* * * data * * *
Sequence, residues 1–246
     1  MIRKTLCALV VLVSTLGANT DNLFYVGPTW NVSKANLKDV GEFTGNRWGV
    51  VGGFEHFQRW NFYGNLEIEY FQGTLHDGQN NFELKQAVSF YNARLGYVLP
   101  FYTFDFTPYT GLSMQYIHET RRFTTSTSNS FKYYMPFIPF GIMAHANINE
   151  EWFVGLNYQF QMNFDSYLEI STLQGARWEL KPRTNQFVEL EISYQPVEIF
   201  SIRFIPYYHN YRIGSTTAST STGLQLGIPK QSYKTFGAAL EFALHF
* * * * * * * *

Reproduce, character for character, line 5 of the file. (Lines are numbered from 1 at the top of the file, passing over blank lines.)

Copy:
   151  EWFVGLNYQF QMNFDSYLEI STLQGARWEL KPRTNQFVEL EISYQPVEIF